ABS actually increases braking distance if the surface is not high friction. This means that braking distance will increase in when the surface is snowy, wet road, sand, dirt on road, etc. But here one can control the car in the event of sudden hard braking.

For dry surface, ABS is good. It actually will help in reducing braking distance.

For me, this ABS vs Non ABS boils down to one thing : SPEED. If you are doing high speed and have to brake suddenly, then ABS helps you to maintain control over your vehicle. At slow speeds, this braking distance maintaining control are not that big an issue.

This debate is endless, and I would like to update myself with some data accumulated from actual testing of cars. An example is G2HC i.e. NHC. The initial version had an issue of wheel lock, but the issue was solved with ABS. Here actually ABS helped. But on the other end, in general, I find brakes of Baleno and even M800 to be adequate. They do the job. And in city where the surface is not that good, often with sand or dirt all over the place, its better IMO to get the wheels locked than to have control and dash with someone.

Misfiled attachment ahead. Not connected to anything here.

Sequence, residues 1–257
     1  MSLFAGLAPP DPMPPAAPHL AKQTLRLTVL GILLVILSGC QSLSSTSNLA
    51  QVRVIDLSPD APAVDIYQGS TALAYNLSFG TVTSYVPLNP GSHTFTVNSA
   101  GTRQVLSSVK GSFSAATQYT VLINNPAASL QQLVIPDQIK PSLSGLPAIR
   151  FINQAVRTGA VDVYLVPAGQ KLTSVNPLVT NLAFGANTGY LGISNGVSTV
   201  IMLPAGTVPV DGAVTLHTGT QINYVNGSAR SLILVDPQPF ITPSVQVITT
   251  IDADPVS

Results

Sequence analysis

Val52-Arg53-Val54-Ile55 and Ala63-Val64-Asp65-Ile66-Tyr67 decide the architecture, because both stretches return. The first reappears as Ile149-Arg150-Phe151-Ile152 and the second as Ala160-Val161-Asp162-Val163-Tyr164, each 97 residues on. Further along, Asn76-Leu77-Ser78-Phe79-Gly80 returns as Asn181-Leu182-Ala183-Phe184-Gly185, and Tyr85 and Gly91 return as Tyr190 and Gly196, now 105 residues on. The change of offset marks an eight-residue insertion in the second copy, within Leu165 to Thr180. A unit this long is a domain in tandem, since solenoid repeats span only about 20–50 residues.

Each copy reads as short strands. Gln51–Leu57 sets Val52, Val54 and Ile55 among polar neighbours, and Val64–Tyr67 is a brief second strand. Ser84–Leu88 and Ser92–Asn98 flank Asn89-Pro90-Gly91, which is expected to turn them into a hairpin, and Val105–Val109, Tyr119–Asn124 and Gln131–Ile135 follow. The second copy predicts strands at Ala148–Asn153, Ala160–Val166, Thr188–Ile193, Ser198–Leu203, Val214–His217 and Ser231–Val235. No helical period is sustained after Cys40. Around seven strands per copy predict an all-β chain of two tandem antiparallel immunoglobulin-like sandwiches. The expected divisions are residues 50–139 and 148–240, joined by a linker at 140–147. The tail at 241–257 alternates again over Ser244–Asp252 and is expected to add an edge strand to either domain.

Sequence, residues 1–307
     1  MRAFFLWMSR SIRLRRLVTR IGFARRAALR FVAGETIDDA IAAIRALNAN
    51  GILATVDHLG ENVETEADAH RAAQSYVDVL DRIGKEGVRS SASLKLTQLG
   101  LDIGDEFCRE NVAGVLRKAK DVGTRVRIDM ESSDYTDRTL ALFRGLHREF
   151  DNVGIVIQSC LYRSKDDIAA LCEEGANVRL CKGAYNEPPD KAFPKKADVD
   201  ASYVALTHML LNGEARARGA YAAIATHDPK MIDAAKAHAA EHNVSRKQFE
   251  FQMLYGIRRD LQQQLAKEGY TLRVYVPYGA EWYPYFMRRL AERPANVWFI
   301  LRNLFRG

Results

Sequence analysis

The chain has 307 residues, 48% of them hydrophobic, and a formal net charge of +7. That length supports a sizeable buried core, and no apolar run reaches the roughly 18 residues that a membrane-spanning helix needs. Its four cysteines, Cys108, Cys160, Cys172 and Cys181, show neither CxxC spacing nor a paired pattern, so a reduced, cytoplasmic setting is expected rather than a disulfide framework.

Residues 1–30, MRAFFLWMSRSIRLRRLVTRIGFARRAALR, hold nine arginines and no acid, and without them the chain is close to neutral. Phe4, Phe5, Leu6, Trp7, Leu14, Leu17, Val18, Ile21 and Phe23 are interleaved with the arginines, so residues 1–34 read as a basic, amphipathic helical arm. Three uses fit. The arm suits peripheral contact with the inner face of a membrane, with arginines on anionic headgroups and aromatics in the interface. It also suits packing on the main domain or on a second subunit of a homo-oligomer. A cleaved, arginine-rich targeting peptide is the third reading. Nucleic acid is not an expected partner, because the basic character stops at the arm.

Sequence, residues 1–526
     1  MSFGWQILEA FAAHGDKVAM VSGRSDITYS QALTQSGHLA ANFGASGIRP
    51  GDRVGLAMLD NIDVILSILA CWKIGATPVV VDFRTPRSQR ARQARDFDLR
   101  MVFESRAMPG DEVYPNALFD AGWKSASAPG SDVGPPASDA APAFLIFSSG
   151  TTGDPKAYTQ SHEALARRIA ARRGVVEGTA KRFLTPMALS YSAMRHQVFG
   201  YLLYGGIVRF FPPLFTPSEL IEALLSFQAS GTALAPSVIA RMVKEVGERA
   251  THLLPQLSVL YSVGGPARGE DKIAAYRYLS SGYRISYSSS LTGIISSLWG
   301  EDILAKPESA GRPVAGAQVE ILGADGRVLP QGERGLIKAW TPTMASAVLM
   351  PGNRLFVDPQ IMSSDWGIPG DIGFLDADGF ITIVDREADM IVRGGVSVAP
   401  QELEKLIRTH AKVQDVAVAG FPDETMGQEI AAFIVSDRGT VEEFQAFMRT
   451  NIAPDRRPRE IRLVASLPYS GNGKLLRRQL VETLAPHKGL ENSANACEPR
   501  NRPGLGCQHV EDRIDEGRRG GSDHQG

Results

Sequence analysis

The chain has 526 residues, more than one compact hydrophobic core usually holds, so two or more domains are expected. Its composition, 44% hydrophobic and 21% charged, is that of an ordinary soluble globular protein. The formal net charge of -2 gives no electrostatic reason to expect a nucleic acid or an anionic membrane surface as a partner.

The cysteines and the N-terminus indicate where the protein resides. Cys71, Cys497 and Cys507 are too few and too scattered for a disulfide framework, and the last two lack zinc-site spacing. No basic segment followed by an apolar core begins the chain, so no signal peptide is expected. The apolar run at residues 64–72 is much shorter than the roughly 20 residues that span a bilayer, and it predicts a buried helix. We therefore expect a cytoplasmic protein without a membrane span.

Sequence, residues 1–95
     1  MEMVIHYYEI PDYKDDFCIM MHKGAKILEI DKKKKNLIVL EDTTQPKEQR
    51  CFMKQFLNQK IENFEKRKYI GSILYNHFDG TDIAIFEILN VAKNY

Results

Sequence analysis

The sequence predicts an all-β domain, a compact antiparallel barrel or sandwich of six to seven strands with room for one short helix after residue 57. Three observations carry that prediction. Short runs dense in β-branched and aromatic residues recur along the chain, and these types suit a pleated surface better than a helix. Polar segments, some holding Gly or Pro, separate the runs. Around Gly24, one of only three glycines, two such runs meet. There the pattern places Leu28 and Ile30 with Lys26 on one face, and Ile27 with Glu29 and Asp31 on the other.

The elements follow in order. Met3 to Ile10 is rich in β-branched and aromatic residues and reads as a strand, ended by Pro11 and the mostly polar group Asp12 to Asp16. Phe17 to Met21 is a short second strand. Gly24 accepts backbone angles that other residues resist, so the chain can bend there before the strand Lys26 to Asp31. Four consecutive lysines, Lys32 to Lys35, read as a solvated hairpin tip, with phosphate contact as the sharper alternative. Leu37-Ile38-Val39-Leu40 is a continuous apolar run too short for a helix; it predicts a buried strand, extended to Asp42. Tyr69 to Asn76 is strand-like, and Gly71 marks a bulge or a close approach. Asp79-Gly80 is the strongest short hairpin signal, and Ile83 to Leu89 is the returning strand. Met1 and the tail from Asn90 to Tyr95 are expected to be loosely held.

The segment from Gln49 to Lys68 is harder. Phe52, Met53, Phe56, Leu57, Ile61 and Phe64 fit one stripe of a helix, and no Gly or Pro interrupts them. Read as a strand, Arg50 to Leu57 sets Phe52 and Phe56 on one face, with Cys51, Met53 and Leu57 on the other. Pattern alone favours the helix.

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Old 3rd February 2010, 20:12   #14
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Ya very informative i must say, dint know these vids existed
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Old 4th February 2010, 22:01   #15
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Effectiveness of ABS also depends on how many channels (read as sensors) the ABS kit uses. Typically, small cars come with 3 channel ABS; separate channels for front wheels and a common channel for the rear. I'm not sure which cars come with 3 and which ones with 4. Civic comes with 4-channel ABS. I guess ABS+EBD ones are 4-channel kits.